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A Profile of Older Americans: 2002

The Older Population

The older population--persons 65 years or older--numbered 35.0 million in 2000 (the latest year for which data is available). They represented 12.4% of the U.S. population, about one in every eight Americans. The number of older Americans increased by 3.7 million or 12.0% since 1990, compared to an increase of 13.3% for the under-65 population.  However, the number of Americans aged 45-64 – the "babyboomers" who will reach 65 over the next two decades – increased by 34% during this period.

In 2000, there were 20.6 million older women and 14.4 million older men, or a sex ratio of 143 women for every 100 men. The female to male sex ratio increases with age, ranging from 117 for the 65-69 age group to a high of 245 for persons 85 and over.

Since 1900, the percentage of Americans 65+ has more than tripled (4.1% in 1900 to 12.4% in 2000), and the number has increased eleven times (from 3.1 million to 35.0 million).  The older population itself is getting older. In 2000, the 65-74 age group (18.4 million) was eight times larger than in 1900, but the 75-84 group (12.4 million) was 16 times larger and the 85+ group (4.2 million) was 34 times larger.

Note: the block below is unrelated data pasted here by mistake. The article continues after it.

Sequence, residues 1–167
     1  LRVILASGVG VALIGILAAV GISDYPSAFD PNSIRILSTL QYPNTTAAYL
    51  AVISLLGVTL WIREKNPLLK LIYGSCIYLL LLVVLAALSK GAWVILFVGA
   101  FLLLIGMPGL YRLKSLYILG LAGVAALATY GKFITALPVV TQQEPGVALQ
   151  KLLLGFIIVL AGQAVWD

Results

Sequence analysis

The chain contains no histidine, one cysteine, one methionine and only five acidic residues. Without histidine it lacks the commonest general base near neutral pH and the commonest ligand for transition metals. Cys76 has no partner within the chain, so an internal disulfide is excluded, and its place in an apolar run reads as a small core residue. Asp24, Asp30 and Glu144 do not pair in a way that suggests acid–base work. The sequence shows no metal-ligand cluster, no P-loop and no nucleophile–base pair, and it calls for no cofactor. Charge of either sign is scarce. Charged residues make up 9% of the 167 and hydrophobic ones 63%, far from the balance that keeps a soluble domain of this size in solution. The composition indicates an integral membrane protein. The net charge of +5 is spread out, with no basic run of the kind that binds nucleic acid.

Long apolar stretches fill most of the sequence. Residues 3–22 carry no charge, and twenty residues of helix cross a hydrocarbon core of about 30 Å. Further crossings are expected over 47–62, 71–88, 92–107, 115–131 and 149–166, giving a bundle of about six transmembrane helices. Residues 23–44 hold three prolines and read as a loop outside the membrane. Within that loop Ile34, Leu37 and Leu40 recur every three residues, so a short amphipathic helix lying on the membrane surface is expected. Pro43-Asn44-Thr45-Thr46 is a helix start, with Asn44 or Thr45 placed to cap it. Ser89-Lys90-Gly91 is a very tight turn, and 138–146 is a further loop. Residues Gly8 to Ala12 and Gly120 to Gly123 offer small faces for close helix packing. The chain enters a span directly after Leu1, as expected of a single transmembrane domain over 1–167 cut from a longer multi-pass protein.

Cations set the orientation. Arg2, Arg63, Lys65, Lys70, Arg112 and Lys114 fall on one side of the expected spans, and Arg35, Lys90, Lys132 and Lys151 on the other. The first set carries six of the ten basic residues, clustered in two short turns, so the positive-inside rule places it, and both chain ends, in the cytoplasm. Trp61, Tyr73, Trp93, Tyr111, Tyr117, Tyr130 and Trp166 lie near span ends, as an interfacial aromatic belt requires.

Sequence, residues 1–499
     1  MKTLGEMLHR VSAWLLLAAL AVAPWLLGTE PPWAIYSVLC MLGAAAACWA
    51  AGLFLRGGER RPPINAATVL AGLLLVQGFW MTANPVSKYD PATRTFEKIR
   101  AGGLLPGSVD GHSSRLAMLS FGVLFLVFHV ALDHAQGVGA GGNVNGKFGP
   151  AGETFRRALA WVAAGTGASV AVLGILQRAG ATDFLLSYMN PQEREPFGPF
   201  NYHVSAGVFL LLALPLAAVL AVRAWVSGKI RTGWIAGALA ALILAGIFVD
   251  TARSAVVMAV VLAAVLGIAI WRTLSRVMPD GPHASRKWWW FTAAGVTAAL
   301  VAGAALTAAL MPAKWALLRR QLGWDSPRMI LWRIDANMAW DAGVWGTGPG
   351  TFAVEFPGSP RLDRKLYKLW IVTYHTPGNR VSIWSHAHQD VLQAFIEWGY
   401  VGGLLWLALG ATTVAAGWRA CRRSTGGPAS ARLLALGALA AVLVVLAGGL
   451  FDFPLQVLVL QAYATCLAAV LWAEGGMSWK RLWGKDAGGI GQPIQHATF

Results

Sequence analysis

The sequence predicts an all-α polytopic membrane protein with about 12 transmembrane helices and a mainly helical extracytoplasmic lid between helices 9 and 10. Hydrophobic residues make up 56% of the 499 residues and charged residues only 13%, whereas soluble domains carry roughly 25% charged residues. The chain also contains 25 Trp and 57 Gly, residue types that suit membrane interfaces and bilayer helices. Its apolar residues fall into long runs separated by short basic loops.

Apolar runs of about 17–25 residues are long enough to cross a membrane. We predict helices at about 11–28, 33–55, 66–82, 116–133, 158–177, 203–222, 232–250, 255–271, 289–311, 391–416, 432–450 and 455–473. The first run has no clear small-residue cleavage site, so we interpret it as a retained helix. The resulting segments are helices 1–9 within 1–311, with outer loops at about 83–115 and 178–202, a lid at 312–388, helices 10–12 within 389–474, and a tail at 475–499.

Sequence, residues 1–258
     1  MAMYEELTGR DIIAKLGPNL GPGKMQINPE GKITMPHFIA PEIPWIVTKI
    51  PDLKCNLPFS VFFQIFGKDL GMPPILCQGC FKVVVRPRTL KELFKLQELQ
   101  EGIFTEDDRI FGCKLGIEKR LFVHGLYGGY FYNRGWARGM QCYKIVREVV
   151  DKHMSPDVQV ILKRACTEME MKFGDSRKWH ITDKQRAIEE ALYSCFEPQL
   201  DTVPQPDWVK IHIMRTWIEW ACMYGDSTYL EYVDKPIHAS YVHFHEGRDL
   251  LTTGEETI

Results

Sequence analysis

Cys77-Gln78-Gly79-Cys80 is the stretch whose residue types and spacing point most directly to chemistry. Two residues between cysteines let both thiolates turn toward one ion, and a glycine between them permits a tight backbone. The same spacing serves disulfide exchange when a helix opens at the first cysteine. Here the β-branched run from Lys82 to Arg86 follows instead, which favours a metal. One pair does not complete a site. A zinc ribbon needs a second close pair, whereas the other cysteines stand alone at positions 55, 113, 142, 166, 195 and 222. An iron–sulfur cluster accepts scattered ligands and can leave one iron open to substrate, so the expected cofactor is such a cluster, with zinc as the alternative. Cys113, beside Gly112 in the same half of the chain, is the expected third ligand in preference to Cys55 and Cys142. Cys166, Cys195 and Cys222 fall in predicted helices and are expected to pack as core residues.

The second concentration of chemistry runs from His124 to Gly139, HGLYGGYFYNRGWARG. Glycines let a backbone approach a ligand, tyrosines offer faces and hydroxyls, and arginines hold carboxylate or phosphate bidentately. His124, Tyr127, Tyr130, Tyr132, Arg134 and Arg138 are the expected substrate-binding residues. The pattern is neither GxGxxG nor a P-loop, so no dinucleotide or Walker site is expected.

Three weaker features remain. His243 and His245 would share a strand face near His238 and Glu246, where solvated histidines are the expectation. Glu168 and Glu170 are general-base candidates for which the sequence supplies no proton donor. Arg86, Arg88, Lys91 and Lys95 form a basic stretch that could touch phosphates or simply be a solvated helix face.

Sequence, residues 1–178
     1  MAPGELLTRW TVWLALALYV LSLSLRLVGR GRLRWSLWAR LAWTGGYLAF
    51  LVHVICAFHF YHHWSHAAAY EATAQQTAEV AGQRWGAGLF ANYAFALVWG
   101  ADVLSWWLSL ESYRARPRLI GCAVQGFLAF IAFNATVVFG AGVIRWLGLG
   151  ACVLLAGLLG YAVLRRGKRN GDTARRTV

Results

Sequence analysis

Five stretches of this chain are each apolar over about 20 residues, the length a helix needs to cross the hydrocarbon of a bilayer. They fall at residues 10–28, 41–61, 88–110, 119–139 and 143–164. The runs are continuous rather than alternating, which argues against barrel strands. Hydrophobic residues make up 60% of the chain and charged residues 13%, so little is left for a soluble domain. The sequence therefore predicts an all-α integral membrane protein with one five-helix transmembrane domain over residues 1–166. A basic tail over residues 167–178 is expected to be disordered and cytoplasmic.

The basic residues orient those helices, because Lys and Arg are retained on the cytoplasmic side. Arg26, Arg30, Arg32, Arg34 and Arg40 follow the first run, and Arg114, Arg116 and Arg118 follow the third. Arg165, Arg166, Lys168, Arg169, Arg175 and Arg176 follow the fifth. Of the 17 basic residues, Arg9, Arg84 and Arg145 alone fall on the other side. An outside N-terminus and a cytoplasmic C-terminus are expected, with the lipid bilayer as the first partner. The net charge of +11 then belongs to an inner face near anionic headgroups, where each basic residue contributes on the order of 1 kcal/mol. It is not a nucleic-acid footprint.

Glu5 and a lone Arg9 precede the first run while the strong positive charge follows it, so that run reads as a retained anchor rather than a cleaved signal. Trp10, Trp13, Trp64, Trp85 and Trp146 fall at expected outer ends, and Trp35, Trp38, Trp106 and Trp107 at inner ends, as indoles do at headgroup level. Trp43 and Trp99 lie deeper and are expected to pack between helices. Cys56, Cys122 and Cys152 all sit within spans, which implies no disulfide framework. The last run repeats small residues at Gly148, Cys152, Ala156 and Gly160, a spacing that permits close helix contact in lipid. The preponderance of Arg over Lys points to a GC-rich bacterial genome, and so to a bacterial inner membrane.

In 2000, persons reaching age 65 had an average life expectancy of an additional 17.9 years (19.2 years for females and 16.3 years for males).

A child born in 2000 could expect to live 76.9 years, about 29 years longer than a child born in 1900.  Much of this increase occurred because of reduced death rates for children and young adult.  However, the past two decades have also seen reduced death rates for the population aged 65-84, especially for men – by 19% for men aged 65-74 and by 16% for men aged 75-84.  Life expectancy at age 65 increased by only 2.4 years between 1900 and 1960, but has increased by 3.7 years since 1960.

Over 2.0 million persons celebrated their 65th birthday in 2000 (5,574 per day). In the same year, about 1.8 million persons 65 or older died, resulting in an annual net increase of approximately 238,000 (650 per day).

There were 50,545 persons aged 100 or more in 2000 (0.02% of the total population).  This is a 35% increase from the 1990 figure of 37,306.

(Data for this section were compiled primarily from Internet releases of the U.S. Bureau of the Census and the National Center for Health Statistics).

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